Ryan’s deficit elimination plan shows that the Republican still haven’t figured out how to square the circle on Social Security privatization.

Everyone seems to like Rep. Paul Ryan. The gangly Wisconsin Republican comes off as so earnest and public-spirited that hardened Washington pros lean over hard to think the best of him. Free-market doctrinaires love Ryan because his ideas are a supply-side fantasy come to life. Even Ezra Klein, the Washington Post’s most liberal columnist, who can be pretty fierce sometimes, calls him “a genuinely nice guy.”

What he’s not is an innovator. Almost everything in Ryan’s Roadmap for America’s Future has been around the block repeatedly.

But that’s what makes it so interesting: especially his proposal to privatize Social Security, which would slash benefits and use the savings to fund private investment accounts. The idea is decades old now, and it still suffers from the same fatal flaw as when the Cato Institute first proposed it in 1980.

In a word, he can’t pay for it.

According to an analysis by the chief actuary of the Social Security Administration, Ryan’s privatization scheme falls $4.9 trillion short of paying for itself. That’s because so much money would be diverted from payroll taxes that even with beneficiaries suffering benefits cuts averaging 16% cut over the first 40 years of Ryan’s “reform” and 28% over 70 years, the program wouldn’t have enough left in the till to pay them.

That’s $4.9 trillion in new taxes Washington would have to collect or or new debt it would have to sell to the public – that is, to the Bank of China, the Bank of Japan, and America’s other creditors.

Then there’s the human cost. Over a third of elderly Americans on Social Security have no other income but their monthly check from the SSA. More than half rely on Social Security for the majority of their income. A 16% cut in Social Security benefits for these people would be huge. A 28% cut would be devastating. America’s elderly are already less well provided for than their counterparts in almost every other developed country. The Ryan plan would make matters much worse.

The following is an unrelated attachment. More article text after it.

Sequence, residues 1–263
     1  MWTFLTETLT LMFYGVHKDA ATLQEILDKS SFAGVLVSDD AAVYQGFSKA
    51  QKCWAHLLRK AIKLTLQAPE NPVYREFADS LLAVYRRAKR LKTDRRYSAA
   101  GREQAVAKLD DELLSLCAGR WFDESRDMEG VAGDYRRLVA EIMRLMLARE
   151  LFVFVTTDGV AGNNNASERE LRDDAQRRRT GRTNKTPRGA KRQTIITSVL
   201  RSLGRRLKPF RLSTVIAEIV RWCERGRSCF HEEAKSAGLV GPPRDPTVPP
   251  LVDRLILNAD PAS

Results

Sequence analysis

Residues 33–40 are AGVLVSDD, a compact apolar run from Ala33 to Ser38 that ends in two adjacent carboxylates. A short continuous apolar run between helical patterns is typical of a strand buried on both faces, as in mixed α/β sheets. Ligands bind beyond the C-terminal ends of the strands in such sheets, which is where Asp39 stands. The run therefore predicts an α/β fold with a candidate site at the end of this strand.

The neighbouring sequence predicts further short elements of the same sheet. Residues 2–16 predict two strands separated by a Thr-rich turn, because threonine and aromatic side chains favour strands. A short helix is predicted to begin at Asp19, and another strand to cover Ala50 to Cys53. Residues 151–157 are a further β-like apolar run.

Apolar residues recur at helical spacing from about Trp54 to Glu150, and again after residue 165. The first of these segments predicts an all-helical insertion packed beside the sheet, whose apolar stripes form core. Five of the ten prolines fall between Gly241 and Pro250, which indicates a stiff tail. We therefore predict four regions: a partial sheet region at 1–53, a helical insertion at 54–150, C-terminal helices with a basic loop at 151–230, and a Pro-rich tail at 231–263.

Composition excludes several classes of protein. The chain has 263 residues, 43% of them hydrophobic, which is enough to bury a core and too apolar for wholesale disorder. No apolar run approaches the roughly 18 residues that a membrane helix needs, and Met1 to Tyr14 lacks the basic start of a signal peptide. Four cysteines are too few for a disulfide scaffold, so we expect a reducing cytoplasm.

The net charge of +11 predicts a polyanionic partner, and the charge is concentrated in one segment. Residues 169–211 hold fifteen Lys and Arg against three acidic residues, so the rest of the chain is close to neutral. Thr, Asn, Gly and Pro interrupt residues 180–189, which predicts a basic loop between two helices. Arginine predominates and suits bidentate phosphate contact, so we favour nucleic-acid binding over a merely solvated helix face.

Privatization advocates have never understood this. And ironically, given the fact that they like to call themselves budget-balancers, they’ve never been able to come up with a plan that’s any better than Ryan’s at paying for itself.

A proposal to carve Personal Savings Accounts, floated by the presidential Advisory Council on Social Security in 1996, would have applied a 1.52% “supplementary” over and above the payroll tax on workers for the next 75 years. The government would also have had to issue $1.9 trillion of new government bonds, ironically dubbed “Liberty Bonds.”

George W. Bush’s 2001 Commission to Strengthen Social Security, also proposed proposed carving out private accounts, but didn’t feel obliged to come up with a scheme to pay for them. Instead, it left it up to Congress to figure out how to close a 10-year, $1 trillion shortfall from diverting payroll taxes into those accounts. “This is the mother of all magic asterisks,” Peter Orszag, then of the Brookings Institute, said at the time.

Some members of the commission came up with a convoluted scheme for Social Security to loan itself the money, but that failed the laugh test.

Earlier, the prominent conservative economist Martin Feldstein concocted an even stranger gambit: Workers would get their private accounts. But once they retired, most of the money in the accounts would be “clawed back” by the government to pay for their basic Social Security benefits. Workers would only be allowed to keep 25% of the fruits of their investment prowess. If there wasn’t enough in the accounts to pay for those basic benefits, the government would promise to make it up. Somehow. Probably by – yes – raising taxes or issuing more debt.

Social Security privatizers have found themselves, over and over, faced with the same dilemma. The program, they claim, is going broke. But their solution would actually make matters worse. Some try to wriggle free by arguing that private investment accounts would turbo-charge the economy to such an extent that the new debt required to make up the shortfall in benefits would be easily paid for. (New taxes are, of course, not to be considered.) And that debt would “only” be needed for the next 75 years. Or so. After that, our brave new Nation of Investors would be home free.

Every time Congress has tried seriously to concoct a Social Security reform based on private accounts – during the second Clinton administration, during Bush’s second term of office – it’s forced to consider Ayn Randian scenarios like this one. And each time, it’s backed away from the bobby trap. Workers getting close to retirement age can only hope their lawmakers retain enough of an instinct for self-preservation to keep doing so.